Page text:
The second part of Aki Kaurismäki's "Finland" trilogy, the film follows a man who arrives in Helsinki and gets beaten up so severely he develops amnesia. Unable to remember his name or ... See full summary »
After fifteen years' service, Henri Boulanger is made redundant from his job. Shocked, he attempts suicide, but can't go through with it, so he hires a contract killer in a seedy bar to ... See full summary »
Iris has a dead-end job in a match-factory, lives with her dour and forbidding parents, and her social life is a disaster. But when she is made pregnant after a one-night stand by a man who... See full summary »
The movie tells the story of Taisto Kasurinen, a finnish coal miner whose father has just committed suicide and who is framed for a crime he did not commit. In jail, he starts to dream ... See full summary »
A dock worker in Le Havre hears a human sound inside one of the containers in port, that container which left Gabon three weeks ago and which was supposed to arrive in London five days after its departure from Gabon, which didn't happen. The Le Havre police and French border guards find a still alive group of illegal African immigrants inside. On the sign from one of his elders, a young teen boy among the illegal immigrants manages to escape, news of which hits the local media. The first friendly face that boy, Idrissa, encounters is that of former artist now aged shoeshine Marcel Marx. Marcel decides to help Idrissa by hiding him in his house, news which slowly trickles through his community of friends - most of whom he associates with at his local bar - and neighbors, most who assist Marcel in this task. Marcel goes to great lengths to find out Idrissa's story, which leads to Marcel's further task of trying to get Idrissa to London, his original end destination. The one neighbor who... Written by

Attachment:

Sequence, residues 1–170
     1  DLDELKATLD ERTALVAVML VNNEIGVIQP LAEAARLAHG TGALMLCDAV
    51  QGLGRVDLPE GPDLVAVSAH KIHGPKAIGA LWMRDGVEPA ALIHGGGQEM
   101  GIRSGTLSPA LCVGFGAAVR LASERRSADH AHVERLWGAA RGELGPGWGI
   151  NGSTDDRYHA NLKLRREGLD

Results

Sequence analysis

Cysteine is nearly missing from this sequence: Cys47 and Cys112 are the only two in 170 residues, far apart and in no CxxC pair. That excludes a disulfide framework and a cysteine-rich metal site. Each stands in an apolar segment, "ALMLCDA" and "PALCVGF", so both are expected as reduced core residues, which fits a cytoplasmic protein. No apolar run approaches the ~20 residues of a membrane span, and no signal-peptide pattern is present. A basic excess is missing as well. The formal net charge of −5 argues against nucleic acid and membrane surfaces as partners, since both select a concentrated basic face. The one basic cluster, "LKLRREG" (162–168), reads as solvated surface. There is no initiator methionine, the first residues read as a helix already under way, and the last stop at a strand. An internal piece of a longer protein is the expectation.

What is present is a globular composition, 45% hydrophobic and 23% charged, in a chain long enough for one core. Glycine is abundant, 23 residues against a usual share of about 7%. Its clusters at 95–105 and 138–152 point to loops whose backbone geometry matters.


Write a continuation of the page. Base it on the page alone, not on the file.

Le Havre is a film from Finland in French with English subtitles. The film focuses on a middle aged man named Marcel, who makes a living going around town and working as a shoe shiner. Business is not always great and at home Marcel lives a very simple life with his much adored wife, Arletty. One day a group of refugees are found in town and one of them, a young boy named, Idrissa escapes and is wanted by the local chief inspector and the police. Marcel one day stumbles across the boy and shows kindness to him and the next thing he knows, Idrissa shows up at his home. The rest of the story is about how out of his way, Marcel will go to hide and protect the boy from the police and to find a way to get him back with his family. Le Havre is a great film on several different levels. The acting here from the whole cast is all very good here and just their facial expressions and deadpan looks say a lot even when there is nothing in particular to be said. They convey the feelings and thoughts and emotions of their characters perfectly. The direction and writing of this film by Aki Kaurismaki is also a real delight here. He provides us with some very interesting characters and a good story to use and put them to work in. I also found that the film had just the right blend of humour and drama. Ultimately this is a feel good film and I think almost anybody who watches it will leave feeling very happy and joyful. The story and events in the film are simple enough and nothing is done to extravagance, but I think what really got me about the whole thing was the kindness not only Marcel, but his friends and neighbours, show to Idrissa, knowing that if they are caught, they too could be in a lot of trouble. It was really refreshing to see these characters live their simple yet happy lives and find happiness in things we take for granted and how when one needs help, they will be the first ones there to lend a hand and offer support. They work together well as a community and more than that they are great friends and neighbours who look out for each other. That was what I really thought got me about Le Havre, the basic message of the kindness of strangers and being the good Samaritan and helping out your fellow man. The film I might add is also quite a good looking film and I really admired it's cinematography. At one time it shows buildings and homes in bright primary colours and then goes to show us bleak and older homes that are a bit run down and much more simple. The colour scheme and the effect of this further added to my appreciation of the film and how these characters live. The cinematography actually reminded me of the works of French cinematographer Raoul Coutard, whose work I came to know and love in Jean-Luc Godard's films such as Contempt (which looks absolutely exquisite on it's Blu Ray release), but now back to Le Havre. This is a film where much joy and laughter can be had, but also gives us hope for each other and the human race. The film may be a little unrealistic in that regard of showing the goodness in people, but any film that has that as it's central message and gives us something to not only think about, but to feel good about after is a winner in my books. It may even get you to re-evaluate your own attitudes and perspectives on things, so keep an open mind while watching. This is one of the most entertaining and inspiring films of 2011 and also one of the best.
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